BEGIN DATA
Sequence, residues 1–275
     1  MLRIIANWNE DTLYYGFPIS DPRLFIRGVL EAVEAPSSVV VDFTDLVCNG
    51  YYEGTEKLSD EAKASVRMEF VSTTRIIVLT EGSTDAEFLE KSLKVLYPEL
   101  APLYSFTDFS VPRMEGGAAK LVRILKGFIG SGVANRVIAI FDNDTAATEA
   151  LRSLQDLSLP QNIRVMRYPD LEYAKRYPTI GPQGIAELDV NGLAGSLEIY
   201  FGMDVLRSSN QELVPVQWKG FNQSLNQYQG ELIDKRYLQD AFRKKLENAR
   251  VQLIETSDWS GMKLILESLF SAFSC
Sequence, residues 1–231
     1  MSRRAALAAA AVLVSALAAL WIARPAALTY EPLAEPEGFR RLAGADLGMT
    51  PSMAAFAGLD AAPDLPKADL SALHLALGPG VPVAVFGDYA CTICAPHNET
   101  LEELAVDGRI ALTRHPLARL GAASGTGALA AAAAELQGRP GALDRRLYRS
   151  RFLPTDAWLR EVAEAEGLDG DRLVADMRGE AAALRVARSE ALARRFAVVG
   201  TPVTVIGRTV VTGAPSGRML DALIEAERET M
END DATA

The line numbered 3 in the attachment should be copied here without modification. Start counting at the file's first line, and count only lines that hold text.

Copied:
    51  YYEGTEKLSD EAKASVRMEF VSTTRIIVLT EGSTDAEFLE KSLKVLYPEL